DALLAS -- Officials in Washington on Thursday announced law enforcement efforts that led to charges against 91 people nationwide in alleged false billings totaling $429 million. 14 of those 91 people are from North Texas.
Most Medicare fraud requires a doctor's signature to make it appear to be legitimate. Five indictments released Thursday say two local physicians were at the heart of these frauds.
One is Dr. Joseph Megwha, 58, of Arlington, who was arrested last month. Among other things, he's charged with signing stacks of prescriptions without ever seeing the patients.
The other is Dr. Nicholas Padron, who had an office near White Rock Lake in Dallas.
Padron first came onto the radar of Mesquite police for allegedly selling Xanax and Hydrocodone to patients. Padron allegedly wrote more than 9,000 prescriptions over a one-year period. He was arrested this summer, and now is charged with additional crimes of committing fraud through home health care agencies.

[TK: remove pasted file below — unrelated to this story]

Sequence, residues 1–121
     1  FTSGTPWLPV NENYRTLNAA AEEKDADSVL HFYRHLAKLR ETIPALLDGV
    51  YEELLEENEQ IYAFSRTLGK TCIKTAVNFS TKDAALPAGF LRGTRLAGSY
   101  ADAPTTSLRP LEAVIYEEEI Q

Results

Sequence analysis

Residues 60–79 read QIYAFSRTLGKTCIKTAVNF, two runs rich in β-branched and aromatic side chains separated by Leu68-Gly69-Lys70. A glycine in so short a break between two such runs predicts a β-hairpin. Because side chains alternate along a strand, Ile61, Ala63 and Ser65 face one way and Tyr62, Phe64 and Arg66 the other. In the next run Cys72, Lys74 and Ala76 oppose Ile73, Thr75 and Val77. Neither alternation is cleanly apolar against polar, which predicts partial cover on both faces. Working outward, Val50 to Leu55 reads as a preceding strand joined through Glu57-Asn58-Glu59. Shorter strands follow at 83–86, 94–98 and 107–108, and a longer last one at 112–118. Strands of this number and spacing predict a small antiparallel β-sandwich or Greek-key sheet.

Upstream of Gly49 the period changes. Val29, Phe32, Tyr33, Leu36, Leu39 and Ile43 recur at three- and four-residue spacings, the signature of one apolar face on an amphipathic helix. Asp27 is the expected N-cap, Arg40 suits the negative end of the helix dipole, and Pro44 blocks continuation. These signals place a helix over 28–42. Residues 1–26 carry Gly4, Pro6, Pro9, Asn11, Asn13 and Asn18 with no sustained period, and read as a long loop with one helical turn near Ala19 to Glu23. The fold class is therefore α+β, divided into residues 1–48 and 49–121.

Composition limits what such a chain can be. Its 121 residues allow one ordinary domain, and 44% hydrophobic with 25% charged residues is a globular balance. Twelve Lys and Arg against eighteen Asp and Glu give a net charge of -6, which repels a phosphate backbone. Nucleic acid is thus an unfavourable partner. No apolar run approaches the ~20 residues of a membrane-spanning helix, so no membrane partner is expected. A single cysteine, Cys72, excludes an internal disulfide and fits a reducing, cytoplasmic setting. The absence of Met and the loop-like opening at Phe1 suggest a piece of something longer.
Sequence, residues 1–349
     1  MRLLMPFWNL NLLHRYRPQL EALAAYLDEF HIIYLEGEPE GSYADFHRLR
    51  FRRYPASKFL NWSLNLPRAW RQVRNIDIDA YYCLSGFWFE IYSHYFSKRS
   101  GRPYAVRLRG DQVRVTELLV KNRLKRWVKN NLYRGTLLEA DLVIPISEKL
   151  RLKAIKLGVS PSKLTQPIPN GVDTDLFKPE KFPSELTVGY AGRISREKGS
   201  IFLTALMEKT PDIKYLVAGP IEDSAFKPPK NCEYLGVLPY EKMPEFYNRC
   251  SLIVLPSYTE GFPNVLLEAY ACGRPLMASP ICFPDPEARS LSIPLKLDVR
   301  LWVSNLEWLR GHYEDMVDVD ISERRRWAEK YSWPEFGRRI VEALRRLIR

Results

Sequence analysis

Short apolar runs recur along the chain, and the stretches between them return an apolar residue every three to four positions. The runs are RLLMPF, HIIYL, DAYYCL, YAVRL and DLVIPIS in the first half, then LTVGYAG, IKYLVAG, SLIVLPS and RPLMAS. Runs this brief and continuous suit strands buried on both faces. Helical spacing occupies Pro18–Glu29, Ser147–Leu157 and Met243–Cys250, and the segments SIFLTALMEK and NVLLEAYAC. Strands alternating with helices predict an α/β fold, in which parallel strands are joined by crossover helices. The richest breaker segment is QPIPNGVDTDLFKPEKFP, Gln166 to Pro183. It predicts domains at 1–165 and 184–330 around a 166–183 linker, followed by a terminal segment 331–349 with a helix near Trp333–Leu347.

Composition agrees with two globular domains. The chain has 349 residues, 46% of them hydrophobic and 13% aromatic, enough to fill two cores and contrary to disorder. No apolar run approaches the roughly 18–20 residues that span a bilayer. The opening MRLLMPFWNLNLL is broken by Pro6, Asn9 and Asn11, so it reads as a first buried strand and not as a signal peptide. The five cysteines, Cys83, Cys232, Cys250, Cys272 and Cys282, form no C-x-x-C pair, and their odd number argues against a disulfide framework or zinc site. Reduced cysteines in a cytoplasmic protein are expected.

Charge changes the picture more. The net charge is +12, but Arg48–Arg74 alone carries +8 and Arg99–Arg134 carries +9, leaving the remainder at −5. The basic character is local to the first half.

In Houston, the president of Riverside General Hospital and his son were also among those accused by federal authorities of taking part in a Medicare fraud scheme. Authorities arrested Earnest Gibson III, son Earnest Gibson IV and five others. The indictments accused the group of participating in a scheme to pay kickbacks to Medicare beneficiaries enrolled in programs that allowed the hospital to bill Medicare for millions.
Twelve other North Texans are charged with a number of crimes in the indictments. The charges range from charging Medicare with services not provided (primarily home health care), with charging for patients who don't exist, and for billing Medicare for equipment, such as motorized wheelchairs and hospital beds, which was not provided or not needed.
All told, the North Texas defendants are charged with more than 25 counts of health care fraud. In Dallas, two doctors and two registered nurses were charged with participating in over $103 million in false billings. Each count of health care fraud carries a ten-year prison sentence.